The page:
3. Get them talking 

When students are verbal and high functioning, encourage them to talk and explain their thinking to you, or their reactions to situations e.g. a meltdown.  It may simply be that the classroom is too noisy, or that there is a smell in the room that they don’t like.  Paul would get very upset over noise, and we found noise cancelling earphones incredibly valuable.  He would also have meltdowns if his lunchbox had something in that he didn’t like. 

4. Give them choices 

  • Solve five of the ten problems assigned, or cut the worksheet into sections 

  • Work alone or with a small group 

  • Read quietly or with a friend 

  • Use a pencil, pen, or the computer 

  • Conduct your research in the library or in the resource room 

  • Take notes using words or pictures 

 5. Consider handwriting alternatives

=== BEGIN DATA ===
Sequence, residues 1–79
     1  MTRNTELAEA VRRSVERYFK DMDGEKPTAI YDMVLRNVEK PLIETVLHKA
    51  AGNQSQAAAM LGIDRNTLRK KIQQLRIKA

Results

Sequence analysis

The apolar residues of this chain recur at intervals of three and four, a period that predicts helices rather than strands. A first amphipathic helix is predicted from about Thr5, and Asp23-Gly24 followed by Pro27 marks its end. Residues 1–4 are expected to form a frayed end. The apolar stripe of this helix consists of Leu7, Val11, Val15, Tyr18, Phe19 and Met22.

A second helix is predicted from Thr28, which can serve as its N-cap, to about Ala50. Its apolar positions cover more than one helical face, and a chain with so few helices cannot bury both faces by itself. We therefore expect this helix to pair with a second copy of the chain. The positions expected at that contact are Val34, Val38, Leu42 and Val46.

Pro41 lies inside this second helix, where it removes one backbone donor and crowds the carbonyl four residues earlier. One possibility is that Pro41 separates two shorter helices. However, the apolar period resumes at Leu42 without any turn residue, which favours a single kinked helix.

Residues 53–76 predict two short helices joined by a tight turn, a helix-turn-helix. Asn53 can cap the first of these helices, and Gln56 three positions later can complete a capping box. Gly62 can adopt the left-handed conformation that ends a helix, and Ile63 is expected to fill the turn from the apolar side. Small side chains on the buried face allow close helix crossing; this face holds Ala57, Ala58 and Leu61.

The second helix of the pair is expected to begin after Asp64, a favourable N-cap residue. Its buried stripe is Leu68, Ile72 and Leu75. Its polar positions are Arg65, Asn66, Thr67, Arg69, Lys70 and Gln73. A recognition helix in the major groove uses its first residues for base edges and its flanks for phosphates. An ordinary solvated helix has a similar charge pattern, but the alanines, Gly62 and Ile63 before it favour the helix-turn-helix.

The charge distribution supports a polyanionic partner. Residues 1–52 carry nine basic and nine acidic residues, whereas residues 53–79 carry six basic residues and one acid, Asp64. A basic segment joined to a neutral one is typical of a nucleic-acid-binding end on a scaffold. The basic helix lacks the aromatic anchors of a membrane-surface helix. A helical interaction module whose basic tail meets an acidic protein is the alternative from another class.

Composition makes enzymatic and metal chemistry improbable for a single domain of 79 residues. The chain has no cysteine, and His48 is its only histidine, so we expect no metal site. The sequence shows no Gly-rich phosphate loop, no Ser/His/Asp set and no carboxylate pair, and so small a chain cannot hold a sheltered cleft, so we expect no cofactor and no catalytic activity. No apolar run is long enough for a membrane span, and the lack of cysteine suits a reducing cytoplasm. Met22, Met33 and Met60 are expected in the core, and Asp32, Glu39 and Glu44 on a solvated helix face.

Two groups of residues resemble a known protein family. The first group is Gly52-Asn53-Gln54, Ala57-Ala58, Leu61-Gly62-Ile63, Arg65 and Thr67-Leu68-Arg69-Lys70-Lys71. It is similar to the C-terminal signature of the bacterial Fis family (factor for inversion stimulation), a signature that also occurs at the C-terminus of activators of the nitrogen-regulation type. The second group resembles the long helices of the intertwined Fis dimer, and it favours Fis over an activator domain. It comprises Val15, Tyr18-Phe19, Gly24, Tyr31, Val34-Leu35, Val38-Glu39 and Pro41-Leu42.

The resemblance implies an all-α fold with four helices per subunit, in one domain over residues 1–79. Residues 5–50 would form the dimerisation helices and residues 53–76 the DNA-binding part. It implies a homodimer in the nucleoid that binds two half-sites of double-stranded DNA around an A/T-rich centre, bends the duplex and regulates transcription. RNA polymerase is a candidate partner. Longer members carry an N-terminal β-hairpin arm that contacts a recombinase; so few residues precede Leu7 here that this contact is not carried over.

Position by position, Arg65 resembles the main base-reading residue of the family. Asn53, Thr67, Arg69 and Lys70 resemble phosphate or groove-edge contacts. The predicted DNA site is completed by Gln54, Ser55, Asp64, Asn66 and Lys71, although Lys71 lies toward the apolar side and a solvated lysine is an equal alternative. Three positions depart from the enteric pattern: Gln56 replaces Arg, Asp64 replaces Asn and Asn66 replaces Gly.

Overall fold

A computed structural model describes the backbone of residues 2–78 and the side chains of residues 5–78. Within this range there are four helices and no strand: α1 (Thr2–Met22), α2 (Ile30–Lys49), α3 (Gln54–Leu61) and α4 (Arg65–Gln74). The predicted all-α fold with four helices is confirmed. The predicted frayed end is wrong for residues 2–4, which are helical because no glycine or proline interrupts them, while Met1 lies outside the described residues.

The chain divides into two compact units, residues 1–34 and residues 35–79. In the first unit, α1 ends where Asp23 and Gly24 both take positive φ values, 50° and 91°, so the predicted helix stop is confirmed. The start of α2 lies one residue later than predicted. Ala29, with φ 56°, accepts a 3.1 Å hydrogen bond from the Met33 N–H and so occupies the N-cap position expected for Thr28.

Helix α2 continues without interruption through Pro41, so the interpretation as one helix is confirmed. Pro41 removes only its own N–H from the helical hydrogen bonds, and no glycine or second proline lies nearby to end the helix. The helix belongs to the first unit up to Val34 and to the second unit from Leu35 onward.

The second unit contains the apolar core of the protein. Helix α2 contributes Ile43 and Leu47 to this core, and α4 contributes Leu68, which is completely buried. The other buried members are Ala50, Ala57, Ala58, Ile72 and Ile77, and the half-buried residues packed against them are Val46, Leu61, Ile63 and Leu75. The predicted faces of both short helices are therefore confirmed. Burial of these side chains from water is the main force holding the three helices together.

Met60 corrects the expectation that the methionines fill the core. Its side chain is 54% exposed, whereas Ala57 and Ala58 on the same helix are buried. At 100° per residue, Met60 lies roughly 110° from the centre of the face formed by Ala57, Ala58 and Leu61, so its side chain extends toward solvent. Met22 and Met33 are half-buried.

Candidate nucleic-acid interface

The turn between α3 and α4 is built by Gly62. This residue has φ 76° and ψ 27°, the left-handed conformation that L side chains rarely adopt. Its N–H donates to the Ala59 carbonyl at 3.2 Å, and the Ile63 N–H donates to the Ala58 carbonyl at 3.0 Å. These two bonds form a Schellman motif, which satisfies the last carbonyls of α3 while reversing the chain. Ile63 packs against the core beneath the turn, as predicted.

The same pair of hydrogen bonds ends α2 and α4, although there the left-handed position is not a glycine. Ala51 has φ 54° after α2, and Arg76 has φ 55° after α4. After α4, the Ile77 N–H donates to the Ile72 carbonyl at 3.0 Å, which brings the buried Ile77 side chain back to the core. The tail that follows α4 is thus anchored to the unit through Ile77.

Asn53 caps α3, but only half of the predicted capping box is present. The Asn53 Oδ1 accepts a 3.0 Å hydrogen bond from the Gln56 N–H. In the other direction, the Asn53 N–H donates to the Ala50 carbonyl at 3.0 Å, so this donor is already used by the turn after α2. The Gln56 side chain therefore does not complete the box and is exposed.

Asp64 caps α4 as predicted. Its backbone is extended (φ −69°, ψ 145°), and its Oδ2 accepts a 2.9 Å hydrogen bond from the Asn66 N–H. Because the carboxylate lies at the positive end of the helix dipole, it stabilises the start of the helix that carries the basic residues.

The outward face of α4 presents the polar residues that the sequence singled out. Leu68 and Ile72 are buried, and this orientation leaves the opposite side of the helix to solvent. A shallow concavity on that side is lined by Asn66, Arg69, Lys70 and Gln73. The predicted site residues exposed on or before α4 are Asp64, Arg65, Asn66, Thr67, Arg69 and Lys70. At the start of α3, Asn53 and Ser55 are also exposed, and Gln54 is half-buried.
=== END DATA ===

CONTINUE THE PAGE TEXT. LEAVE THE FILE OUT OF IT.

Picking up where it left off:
It is not uncommon for students with autism to baulk at handwriting.  It is not unusual for a child to refuse writing.  Look at using computers or other adaptive resources that may be available in the school. 

6. Help them with organisation 

While some students with autism are very organised others need support to find materials, keep their bags and desk areas neat, and remember to bring their assignments home at the end of the day. Consider implementing support strategies that all students might find useful. For instance, teachers can have all students copy down assignments, pack book bags, put materials away, and clean work spaces together. Structuring this time daily will give all learners the opportunity to be organized and thoughtful about how they prepare to transition from school to home. Specific skills can even be taught during this time (e.g., creating to-do lists, prioritizing tasks).